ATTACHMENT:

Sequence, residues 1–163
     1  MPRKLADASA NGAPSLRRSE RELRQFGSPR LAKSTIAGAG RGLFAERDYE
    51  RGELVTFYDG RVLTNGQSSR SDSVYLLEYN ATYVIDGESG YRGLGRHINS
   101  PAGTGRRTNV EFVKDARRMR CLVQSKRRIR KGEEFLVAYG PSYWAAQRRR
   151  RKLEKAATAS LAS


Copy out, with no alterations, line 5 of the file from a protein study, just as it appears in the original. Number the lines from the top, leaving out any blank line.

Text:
   151  RKLEKAATAS LAS